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December 2, 1990 | ROBERT HILBURN, Robert Hilburn is The Times' Pop Music Critic.
Rock Losing Its Grip as Other Genres Gain. That recent headline on a Billboard magazine article documenting rock's dwindling share of the pop album market was sobering, but it wasn't unexpected. It has been clear for some time now that rock is no longer the creative heart of pop music. Rather than reflect the imagination and daring that it did in past decades, most rock deals shamelessly in hollow or recycled gestures--and all too often represents nothing more than casual entertainment.
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NEWS
March 3, 2005 | Susan Carpenter, Times Staff Writer
When Tommy Stinson released his first solo album, his goals were modest. The former bass player for legendary '80s rockers the Replacements wanted to begin making his own records, to find a label, to build an audience. The results, unfortunately, were equally modest. Since Sanctuary Records released "Village Gorilla Head" last August, it has sold just 15,000 copies and received almost no radio airplay "There's always an excuse for why. All you can really do is say, 'OK. Cool.
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ENTERTAINMENT
February 3, 1991 | ROBERT HILBURN, Robert Hilburn is The Times' pop music critic.
P aul Westerberg is a rock star worth believing in, though it's taken him almost a decade to accept it himself. As leader of the Replacements, he wrote tuneful tales in the '80s about insecurities and desires with the intensity and insight of a young Pete Townshend. Yet the raw, raspy singer was the victim of his insecurities--leaving the widely acclaimed cult favorite unable to follow through on industry predictions of mainstream success.
ENTERTAINMENT
February 3, 1991 | ROBERT HILBURN, Robert Hilburn is The Times' pop music critic.
P aul Westerberg is a rock star worth believing in, though it's taken him almost a decade to accept it himself. As leader of the Replacements, he wrote tuneful tales in the '80s about insecurities and desires with the intensity and insight of a young Pete Townshend. Yet the raw, raspy singer was the victim of his insecurities--leaving the widely acclaimed cult favorite unable to follow through on industry predictions of mainstream success.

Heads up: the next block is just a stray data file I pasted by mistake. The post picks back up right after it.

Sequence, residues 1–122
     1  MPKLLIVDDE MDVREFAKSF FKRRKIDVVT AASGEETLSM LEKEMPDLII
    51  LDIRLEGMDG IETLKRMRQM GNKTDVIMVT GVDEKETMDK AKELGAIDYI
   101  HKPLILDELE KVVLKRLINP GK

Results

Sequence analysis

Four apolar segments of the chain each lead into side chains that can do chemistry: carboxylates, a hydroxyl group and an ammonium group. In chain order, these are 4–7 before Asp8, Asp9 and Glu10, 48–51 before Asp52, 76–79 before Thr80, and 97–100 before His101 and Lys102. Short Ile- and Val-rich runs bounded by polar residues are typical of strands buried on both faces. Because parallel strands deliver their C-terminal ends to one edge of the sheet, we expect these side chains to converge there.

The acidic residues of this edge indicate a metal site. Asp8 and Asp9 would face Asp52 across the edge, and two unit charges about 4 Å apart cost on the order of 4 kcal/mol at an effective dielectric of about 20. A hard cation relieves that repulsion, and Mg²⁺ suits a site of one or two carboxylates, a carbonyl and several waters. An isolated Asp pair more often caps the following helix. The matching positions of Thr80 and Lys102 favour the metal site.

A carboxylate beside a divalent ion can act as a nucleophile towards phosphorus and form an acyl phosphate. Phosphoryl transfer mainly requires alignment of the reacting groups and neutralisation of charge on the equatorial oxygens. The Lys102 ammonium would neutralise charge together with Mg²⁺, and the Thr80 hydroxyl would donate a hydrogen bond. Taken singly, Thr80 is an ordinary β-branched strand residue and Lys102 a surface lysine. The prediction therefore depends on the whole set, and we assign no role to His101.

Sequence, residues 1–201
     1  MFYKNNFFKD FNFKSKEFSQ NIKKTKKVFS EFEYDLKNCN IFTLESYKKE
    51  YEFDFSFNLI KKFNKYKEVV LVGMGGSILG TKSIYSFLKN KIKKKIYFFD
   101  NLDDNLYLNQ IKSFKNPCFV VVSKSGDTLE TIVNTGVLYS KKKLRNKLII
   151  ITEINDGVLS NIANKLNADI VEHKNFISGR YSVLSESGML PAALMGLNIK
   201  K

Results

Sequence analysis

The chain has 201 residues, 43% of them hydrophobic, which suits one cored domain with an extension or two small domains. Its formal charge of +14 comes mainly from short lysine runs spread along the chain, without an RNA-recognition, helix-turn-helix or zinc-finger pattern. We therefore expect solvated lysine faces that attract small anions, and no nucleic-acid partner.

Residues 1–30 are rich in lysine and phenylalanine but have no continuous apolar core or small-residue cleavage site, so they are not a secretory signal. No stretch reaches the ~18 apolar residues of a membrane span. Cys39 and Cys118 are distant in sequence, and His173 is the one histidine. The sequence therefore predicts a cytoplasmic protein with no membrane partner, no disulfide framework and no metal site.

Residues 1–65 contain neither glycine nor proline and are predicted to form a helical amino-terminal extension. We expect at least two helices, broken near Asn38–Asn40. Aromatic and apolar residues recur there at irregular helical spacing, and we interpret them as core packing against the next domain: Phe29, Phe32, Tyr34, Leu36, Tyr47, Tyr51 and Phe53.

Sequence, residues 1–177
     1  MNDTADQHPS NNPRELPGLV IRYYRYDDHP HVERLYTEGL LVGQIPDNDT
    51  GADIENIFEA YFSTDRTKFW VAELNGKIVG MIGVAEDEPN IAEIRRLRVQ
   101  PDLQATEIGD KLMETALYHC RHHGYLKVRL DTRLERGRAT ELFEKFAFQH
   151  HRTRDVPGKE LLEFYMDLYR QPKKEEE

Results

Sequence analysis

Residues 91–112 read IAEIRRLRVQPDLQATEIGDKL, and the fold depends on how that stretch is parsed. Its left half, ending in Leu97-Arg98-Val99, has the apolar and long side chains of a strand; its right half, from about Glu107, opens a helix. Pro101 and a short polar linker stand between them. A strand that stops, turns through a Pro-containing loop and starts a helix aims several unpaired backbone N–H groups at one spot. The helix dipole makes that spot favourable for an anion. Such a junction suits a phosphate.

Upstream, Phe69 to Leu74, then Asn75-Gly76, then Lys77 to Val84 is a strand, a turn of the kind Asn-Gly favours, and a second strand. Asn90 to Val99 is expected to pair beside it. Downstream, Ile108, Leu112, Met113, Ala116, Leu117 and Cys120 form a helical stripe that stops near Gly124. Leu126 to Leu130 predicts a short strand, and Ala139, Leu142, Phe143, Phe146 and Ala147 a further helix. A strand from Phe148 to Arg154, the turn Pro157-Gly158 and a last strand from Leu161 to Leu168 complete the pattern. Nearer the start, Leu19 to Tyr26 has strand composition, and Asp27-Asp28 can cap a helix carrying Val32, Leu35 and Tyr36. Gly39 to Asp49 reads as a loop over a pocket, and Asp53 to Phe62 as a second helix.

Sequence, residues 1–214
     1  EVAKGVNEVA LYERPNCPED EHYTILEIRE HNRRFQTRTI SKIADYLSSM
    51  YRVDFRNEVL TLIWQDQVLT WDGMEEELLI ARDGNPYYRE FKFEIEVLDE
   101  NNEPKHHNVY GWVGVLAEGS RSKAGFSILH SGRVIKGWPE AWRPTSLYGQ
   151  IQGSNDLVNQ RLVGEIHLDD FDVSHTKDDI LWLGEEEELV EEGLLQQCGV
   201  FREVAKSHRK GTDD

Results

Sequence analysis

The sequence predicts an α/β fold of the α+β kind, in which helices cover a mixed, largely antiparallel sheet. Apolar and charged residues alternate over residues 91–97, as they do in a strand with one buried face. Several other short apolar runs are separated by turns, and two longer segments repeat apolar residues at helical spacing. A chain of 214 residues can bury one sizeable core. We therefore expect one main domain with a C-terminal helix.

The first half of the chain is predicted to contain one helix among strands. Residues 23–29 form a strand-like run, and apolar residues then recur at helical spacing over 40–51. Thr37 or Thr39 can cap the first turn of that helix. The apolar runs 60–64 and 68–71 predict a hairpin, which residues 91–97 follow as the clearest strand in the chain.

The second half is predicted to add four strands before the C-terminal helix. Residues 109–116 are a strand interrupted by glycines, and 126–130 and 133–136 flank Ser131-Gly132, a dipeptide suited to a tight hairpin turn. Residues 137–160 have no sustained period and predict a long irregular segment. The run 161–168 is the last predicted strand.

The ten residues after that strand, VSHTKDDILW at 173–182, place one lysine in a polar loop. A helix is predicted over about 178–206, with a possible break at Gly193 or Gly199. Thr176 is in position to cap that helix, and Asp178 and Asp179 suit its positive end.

ENTERTAINMENT
May 5, 1989 | MIKE BOEHM, Times Staff Writer
There were several mundane but pressing questions facing Paul Westerberg as he sat in a hotel room in Phoenix earlier this week. What was he going to do about the headache that had been bothering him since he got up? And where was he going to get a clean shirt to wear, now that everything he had packed for the road was all grubby? And would either of the above be resolved before he had to go off with the three other members of the Replacements for a promotional visit to a local radio station?
NEWS
March 3, 2005 | Susan Carpenter, Times Staff Writer
When Tommy Stinson released his first solo album, his goals were modest. The former bass player for legendary '80s rockers the Replacements wanted to begin making his own records, to find a label, to build an audience. The results, unfortunately, were equally modest. Since Sanctuary Records released "Village Gorilla Head" last August, it has sold just 15,000 copies and received almost no radio airplay "There's always an excuse for why. All you can really do is say, 'OK. Cool.
ENTERTAINMENT
December 2, 1990 | ROBERT HILBURN, Robert Hilburn is The Times' Pop Music Critic.
Rock Losing Its Grip as Other Genres Gain. That recent headline on a Billboard magazine article documenting rock's dwindling share of the pop album market was sobering, but it wasn't unexpected. It has been clear for some time now that rock is no longer the creative heart of pop music. Rather than reflect the imagination and daring that it did in past decades, most rock deals shamelessly in hollow or recycled gestures--and all too often represents nothing more than casual entertainment.
ENTERTAINMENT
May 5, 1989 | MIKE BOEHM, Times Staff Writer
There were several mundane but pressing questions facing Paul Westerberg as he sat in a hotel room in Phoenix earlier this week. What was he going to do about the headache that had been bothering him since he got up? And where was he going to get a clean shirt to wear, now that everything he had packed for the road was all grubby? And would either of the above be resolved before he had to go off with the three other members of the Replacements for a promotional visit to a local radio station?
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